For the Georgia Straight’s 19th annual Best of Vancouver issue, our editorial team has spent months on the lookout for good deeds, weird urban details, and various howlers to highlight. Here’s our contributors’ picks for Best of Vancouver 2014.
Best trash talk
As everyone who lives in the Republic of East Van knows full well, there are certain things you don’t do once you get on the badass side of town. Like, for example, try to pay by credit card when you’re standing in the checkout line at Santa Barbara. Or ask what meat dishes are on special at Sweet Cherubim. Or, most dangerous of all—as this warning just off Victoria Drive near the Cultch makes clear—mess with another resident’s garbage when the city only picks up nonrecyclables every second week. Attention, potato-peeling Junior Mint eater: you can run, but you can’t hide.
Best app for Vancouverites on a tight book budget
The Vancouver Public Library’s app for Android or iPhone
Come across a book that you want to read but can’t afford? You can use this app to scan the barcode, pull up the book’s record at VPL, then place a hold on it. The app also gives you quick access to scads of ebooks and DVDs. Use the force that is your library card!
Best title of a public talk
When Little Mosque on the Prairie creator and author Zarqa Nawaz spoke at the Indian Summer festival, the event carried the cheeky title “Putting the fun back in fundamentalism”. Don’t worry. No one was beheaded.
Best proof of an appetite for radical journalism
When the Indian Summer festival organizers brought author and activist Arundhati Roy to Vancouver earlier this year, there was an overflow crowd at St. Andrew’s–Wesley United Church. More than 1,000 people came to hear her radical perspective on the downside of India’s democracy. Roy isn’t the only radical writer to attract a large audience over the past year. SFU Woodward’s featured several progressive speakers who drew big crowds, including author Christian Parenti and cartoonist Joe Sacco.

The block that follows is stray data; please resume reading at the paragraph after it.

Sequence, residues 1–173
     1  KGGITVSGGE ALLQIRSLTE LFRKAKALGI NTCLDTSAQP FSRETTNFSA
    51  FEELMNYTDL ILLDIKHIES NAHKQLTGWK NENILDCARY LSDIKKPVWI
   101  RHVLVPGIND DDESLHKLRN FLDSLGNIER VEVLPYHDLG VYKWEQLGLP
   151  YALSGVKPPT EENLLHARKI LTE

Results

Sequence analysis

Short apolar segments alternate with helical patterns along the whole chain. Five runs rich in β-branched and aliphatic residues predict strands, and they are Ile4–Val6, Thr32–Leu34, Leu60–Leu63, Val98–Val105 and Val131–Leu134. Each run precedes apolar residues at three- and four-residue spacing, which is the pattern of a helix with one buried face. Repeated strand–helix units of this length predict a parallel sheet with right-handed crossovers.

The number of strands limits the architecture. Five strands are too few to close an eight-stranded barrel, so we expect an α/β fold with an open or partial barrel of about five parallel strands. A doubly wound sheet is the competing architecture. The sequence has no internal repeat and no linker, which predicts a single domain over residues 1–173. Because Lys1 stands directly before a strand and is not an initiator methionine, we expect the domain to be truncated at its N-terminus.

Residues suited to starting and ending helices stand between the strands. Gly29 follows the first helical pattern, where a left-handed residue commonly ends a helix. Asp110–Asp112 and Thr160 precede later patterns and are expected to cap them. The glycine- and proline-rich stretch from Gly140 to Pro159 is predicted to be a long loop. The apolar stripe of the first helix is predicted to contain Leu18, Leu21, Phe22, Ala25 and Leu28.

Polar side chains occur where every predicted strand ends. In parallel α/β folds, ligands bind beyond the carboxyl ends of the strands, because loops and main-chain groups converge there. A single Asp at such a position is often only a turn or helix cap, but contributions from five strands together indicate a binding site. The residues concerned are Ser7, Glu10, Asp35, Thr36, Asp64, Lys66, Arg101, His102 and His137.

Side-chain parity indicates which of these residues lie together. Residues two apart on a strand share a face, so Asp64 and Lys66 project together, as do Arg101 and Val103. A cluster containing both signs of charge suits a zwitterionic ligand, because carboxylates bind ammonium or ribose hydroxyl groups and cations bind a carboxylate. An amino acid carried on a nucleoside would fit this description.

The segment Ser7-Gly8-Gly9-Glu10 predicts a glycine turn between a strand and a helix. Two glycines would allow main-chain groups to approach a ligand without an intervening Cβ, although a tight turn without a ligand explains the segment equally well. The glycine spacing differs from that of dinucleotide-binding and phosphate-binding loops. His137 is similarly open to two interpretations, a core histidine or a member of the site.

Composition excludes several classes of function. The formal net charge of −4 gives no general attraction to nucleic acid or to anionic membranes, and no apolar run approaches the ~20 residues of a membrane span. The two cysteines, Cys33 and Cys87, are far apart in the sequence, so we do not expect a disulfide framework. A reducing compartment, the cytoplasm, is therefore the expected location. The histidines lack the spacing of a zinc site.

Best name for a new literary festival
The Asian Canadian Writers’ Workshop and Ricepaper magazine launched literAsian as a festival to celebrate writing by Canadians of Pacific Rim heritage. Celebrated writers Denise Chong, Evelyn Lau, Terry Watada, and Terry Woo were among the participants, demonstrating that this was a festival to be taken seriously. The closing banquet at the Pink Pearl Restaurant honoured Arsenal Pulp Press publisher Brian Lam with a community-builder award. One of the key organizers was Jim Wong-Chu, who’s been a phenomenal mentor to so many local writers of Asian descent. When is he going to get his community-builder award or, better yet, an Order of B.C.?
Best reason to attend the Vancouver Writers fest
Because those who read are often superior to those who don’t.